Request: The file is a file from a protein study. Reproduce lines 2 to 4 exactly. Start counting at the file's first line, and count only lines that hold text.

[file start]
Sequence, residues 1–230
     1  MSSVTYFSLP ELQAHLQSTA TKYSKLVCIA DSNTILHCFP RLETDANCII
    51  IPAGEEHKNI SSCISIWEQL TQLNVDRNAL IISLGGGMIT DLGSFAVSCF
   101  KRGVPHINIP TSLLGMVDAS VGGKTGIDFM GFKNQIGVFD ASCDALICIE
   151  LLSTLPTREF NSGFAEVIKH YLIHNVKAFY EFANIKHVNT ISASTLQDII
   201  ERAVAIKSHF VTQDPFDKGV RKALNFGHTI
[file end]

     1  MSSVTYFSLP ELQAHLQSTA TKYSKLVCIA DSNTILHCFP RLETDANCII
    51  IPAGEEHKNI SSCISIWEQL TQLNVDRNAL IISLGGGMIT DLGSFAVSCF
   101  KRGVPHINIP TSLLGMVDAS VGGKTGIDFM GFKNQIGVFD ASCDALICIE